Dilated Cardiomyopathy in Children

Dilated Cardiomyopathy (DCM) is a disease of the heart muscle. In dilated cardiomyopathy the bottom chamber (left ventricle) of the heart becomes enlarged (dilated), thinning the walls of the ventricle, reducing the ability for the heart to squeeze effectively and pump blood efficiently.

In many cases, DCM occurs without reason.

When the cause can be determined, more common reasons include:

  • a viral infection of the heart or myocarditis, which weakens the heart muscle
  • a genetic condition
  • a metabolic disorder
  • a problem with the coronary arteries, present at birth or acquired

Signs and Symptoms

DCM usually present with signs and symptoms of congestive heart failure.

Infants may have:

  • fast breathing and sweating during feedings
  • feedings that take longer than normal
  • lethargy or inactivity
  • poor weight gain

Children and Adolescents may have:

  • shortness of breath (starts with exercise, but over time occurs at rest)
  • shortness of breath when lying flat
  • fatigue
  • persistent cough
  • swelling in face, abdomen, legs or feet
  • unexplained weight gain
  • dizziness or lightheadedness
  • fainting or passing out (syncope)
  • abnormal heartbeats
  • nausea and vomiting
  • decreased appetite


Diagnosis of DCM is based on the medical and family history, physical exam, and cardiac testing.

Cardiac Testing:

  • An ECG to evaluate the amount of enlargement as well as the rhythm of the heart
  •  An echocardiogram will help measure the dilation of the ventricles and the overall squeeze of the heart
  • A chest X-ray can show an enlarged heart and extra fluid in the lungs
  • An exercise stress test to see how the heart reacts to exercise or stress
  • A stress echocardiogram, which uses ultrasound and heart-rate monitoring to assess heart function before and after exercise
  • A Holter monitor to screen for abnormal heart rhythms
  • A cardiac catheterization may be performed to evaluate pressures in each chamber of the heart and look at the coronary arteries.  Sometimes a biopsy is needed to assist with the diagnosis. These heart muscle biopsies are helpful in evaluating for possible infections or certain metabolic abnormalities of the heart


Clinical management of DCM depends on the severity of the disease and the patients symptoms. Medications can be used to help improve heart function and minimize symptoms and complications. Medications can used to:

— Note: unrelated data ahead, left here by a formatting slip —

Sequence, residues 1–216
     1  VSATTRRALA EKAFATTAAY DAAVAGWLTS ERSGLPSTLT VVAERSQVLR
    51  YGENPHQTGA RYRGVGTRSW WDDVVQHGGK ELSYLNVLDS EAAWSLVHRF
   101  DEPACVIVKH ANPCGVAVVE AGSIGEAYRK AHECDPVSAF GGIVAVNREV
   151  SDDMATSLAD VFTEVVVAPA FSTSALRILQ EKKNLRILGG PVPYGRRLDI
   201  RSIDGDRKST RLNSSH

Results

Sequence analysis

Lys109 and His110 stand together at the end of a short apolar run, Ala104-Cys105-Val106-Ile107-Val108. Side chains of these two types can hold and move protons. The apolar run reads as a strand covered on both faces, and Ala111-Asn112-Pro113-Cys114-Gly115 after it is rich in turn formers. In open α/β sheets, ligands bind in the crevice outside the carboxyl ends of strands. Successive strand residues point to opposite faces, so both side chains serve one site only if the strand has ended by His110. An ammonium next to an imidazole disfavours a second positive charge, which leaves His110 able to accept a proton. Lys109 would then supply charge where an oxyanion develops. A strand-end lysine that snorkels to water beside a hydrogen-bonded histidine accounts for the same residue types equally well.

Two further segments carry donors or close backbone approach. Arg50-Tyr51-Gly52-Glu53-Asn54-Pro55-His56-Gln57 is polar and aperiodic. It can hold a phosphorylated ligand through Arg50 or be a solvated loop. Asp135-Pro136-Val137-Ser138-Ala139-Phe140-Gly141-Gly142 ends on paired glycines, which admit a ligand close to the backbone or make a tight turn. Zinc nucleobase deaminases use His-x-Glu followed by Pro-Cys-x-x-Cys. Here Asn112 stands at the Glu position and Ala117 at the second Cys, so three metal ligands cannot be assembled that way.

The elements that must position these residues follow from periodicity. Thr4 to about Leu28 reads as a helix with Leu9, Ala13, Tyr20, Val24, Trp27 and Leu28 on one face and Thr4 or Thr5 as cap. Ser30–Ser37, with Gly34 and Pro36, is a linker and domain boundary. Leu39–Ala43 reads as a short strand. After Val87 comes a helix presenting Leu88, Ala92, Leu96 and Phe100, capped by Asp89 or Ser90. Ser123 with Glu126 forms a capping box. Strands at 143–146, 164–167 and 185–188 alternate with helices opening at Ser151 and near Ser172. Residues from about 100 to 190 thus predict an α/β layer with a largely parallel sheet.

• dilate blood vessels allowing the heart to pump easier (angiotensin converting enzyme (ACE) inhibitors)
  • slow the heart rate down and protect against abnormal heart rhythms (beta blockers and other antiarrhythmic medications)
  • help the body get rid of extra fluid that can build up if the heart is not squeezing well (diuretics)
  • help strengthen the squeeze of the heart and reduce symptoms of heart failure (digoxin)
  • prevent blood clots that can result from poor heart function (blood thinner)
  • prevent the development of scar in the heart muscle (aldosterone antagonist)

When these medications no longer work, advanced heart failure therapies may be considered in certain patients:

  • intravenous medications
  • implantation of an implantable cardioverter defibrillator (ICD) for certain patients deemed at risk for life-threatening arrhythmias.
  • implantation of a cardiac resynchronization pacemaker (CRT pacemaker) or biventricular pacemaker in order to restore the normal timing pattern of the heartbeat.  This type of pacemaker hopes to improve the coordination of the squeeze of the heart muscle and improve the function of the heart.
  • implantation of a ventricular assist device or VAD can be used to support the heart while waiting for heart transplantation. This is a pump attached to the heart that helps the heart pump and increases blood flow to the body.
  • heart transplantation if the condition is severe


Lifestyle Changes

Some children with DCM may be restricted from certain sports and activities.  “Intense” physical activity may be a risk for a child with a weakened heart muscle.  Children with DCM should never “push through” a symptom if they are feeling tired, dizzy, or have difficulty breathing with an activity.  They should remain well hydrated at all times and rest when needed.  It will be important to discuss the sports and activities that are safe and appropriate for your child and to focus on what CAN be done and how to stay safe when participating in activities. Children with DCM should also follow a healthy, well balanced diet.   

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